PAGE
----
Most Effective Trailer:  Tie--Now You See Me and We're The Millers, trailers so well done that they helped take two titles no one thought would do much and turned them into solid hits.

Most Mindless Violence:  Tie--A Good Day To Die Hard and Man Of Steel.

Worst Villain:  Benedict Cumberbatch, you're no KHAANNNNNNN!

Least Sensible Motivations:  Maybe I couldn't follow its complex plot, but nothing anyone did in the last hour of Fast & Furious 6 made any sense to me. (Perhaps buying a ticket didn't make too much sense either.)

You Me And Dupree Award For The Film That While Nominally A Hollywood Comedy Is Actually A Surrealist Masterpiece Where Plot Points Are Introduced And Dropped For No Reason, Dialogue Is Unrelated To The Action, And Characters Do Things That Bear No Resemblance To How Humans Act: Grown Ups 2

Best Channeling: Sam Rockwell as Bill Murray in The Way Way Back, Miles Teller as Vince Vaughn in The Spectacular Now, Cate Blanchett as Blanche DuBois in Blue Jasmine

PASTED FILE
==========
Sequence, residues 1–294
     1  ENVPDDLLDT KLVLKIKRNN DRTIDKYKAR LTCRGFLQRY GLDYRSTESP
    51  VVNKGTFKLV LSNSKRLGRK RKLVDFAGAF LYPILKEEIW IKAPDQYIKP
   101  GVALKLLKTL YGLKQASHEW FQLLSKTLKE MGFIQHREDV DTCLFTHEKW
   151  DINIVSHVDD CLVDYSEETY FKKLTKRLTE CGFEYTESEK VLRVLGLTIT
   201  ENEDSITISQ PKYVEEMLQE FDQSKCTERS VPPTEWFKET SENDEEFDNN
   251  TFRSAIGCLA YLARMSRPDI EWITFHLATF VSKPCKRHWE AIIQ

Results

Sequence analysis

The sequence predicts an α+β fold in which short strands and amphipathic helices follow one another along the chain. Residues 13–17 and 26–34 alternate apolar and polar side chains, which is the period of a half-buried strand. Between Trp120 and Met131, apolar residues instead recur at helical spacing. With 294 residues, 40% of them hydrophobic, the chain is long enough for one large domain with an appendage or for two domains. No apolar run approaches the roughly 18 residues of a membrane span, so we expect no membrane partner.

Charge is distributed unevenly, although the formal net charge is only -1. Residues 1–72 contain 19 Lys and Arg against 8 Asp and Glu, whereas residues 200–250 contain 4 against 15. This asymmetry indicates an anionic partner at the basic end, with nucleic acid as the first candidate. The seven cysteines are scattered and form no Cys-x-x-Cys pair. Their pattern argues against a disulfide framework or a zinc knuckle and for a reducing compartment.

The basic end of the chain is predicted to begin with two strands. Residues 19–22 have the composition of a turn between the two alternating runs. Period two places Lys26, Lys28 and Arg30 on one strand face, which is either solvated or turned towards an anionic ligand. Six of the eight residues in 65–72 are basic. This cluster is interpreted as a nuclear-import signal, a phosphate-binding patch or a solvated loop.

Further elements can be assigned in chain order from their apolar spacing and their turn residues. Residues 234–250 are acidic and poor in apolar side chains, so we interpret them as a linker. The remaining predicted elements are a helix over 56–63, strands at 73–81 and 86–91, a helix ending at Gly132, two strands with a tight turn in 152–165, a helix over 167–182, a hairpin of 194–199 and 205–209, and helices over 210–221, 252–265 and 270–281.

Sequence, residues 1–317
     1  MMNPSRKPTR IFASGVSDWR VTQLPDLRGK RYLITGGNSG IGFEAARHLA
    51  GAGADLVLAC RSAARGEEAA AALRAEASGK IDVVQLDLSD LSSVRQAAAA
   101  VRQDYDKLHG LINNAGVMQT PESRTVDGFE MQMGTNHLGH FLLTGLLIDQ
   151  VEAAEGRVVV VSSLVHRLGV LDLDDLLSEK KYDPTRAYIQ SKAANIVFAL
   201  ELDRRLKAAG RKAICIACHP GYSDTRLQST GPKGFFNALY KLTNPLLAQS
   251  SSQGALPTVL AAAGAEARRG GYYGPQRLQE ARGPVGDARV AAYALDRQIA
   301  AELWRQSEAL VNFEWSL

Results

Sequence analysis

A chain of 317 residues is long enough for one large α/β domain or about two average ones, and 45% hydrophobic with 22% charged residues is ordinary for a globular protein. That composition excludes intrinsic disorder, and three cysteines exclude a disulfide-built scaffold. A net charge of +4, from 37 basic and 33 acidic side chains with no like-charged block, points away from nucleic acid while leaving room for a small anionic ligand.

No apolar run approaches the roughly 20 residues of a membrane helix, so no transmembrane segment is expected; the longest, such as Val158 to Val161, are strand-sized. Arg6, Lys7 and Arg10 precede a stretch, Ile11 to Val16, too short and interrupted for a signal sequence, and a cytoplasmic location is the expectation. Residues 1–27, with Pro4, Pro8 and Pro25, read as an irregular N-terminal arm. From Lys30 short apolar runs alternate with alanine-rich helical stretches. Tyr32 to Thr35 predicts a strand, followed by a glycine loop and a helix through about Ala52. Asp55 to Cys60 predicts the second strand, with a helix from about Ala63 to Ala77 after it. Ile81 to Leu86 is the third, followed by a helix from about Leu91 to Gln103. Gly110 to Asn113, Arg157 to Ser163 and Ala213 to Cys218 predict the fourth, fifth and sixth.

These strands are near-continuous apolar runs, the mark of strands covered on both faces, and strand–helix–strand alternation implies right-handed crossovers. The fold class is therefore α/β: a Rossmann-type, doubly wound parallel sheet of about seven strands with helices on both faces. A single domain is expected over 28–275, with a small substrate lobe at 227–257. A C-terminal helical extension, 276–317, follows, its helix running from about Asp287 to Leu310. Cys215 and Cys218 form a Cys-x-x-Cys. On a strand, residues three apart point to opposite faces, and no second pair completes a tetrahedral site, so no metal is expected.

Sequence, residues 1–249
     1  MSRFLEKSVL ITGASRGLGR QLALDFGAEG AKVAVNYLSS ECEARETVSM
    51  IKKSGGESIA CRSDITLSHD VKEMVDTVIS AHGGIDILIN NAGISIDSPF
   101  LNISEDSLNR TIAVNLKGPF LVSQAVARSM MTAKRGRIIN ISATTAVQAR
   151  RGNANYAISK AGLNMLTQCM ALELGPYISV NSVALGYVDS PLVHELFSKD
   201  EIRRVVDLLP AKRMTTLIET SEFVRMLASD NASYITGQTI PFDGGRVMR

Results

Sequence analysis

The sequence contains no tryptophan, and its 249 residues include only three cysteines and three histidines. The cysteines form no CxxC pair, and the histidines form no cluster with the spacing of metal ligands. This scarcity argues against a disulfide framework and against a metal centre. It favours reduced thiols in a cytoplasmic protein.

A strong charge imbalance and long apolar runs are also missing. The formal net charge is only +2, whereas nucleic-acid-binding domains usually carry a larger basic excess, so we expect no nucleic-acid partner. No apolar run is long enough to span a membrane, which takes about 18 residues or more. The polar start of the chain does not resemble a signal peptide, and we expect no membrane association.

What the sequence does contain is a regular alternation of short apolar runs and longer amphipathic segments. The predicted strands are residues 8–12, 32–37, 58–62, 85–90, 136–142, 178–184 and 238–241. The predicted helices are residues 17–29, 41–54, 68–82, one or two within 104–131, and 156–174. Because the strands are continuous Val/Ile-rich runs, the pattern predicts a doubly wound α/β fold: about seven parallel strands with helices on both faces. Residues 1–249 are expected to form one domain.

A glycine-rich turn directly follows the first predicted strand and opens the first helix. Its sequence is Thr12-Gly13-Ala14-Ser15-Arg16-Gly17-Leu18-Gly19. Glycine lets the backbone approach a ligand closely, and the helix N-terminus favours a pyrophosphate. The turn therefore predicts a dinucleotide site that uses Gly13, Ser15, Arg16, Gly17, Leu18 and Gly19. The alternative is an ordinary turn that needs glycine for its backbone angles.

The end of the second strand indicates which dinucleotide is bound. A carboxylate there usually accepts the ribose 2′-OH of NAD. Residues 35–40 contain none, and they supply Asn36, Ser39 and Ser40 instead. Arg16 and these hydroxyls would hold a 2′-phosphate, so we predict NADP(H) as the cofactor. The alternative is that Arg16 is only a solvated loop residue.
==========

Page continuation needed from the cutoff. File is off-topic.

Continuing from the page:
Most Enjoyable Screen Presence Who Appears In One Bad Film After Another:  Jason Statham, who starred last year in Parker and Homefront

Movie Most Like A Very Expensive Episode of Star Trek: Elysium (certainly not Star Trek Into Darkness, which didn't feel like Star Trek at all)
Most Predictable PlotThe East, where an agent infiltrates a group of people fighting against evil corporations.  Wonder if she'll turn?

Least Predictable Plot:  Tie--The Place Beyond The Pines and Movie 43.

Most Unnecessary Sort-Of British Accent: Will and Jaden Smith in After Earth; runner-up, Jodie Foster in Elysium

Worst Framing Device Now You See Me.  You know what's a good plot?  A ragtag bunch of magicians using their talents to lead the authorities on a merry chase. You know what's an idiotic plot?  These same magicians committing serial felonies at the behest of a secret figure all because they want to be part of a fictional magic society.

Enemy I'd Most Like To Face: Orcs from The Hobbit: The Desolation Of Smaug. They swarm a place but barely kill anyone, and their heads come off real easy.

Film They Made A Decade Too Late:  Not Anchorman 2, but The Internship

Least Deserving Performance Guaranteed To Win An Oscar:  Jared Leto in Dallas Buyers Club

Most Missed Shots: White House Down—every ten minutes the bad guys have a clear shot with machine guns at Channing Tatum and miss every time (much to the audience's chagrin)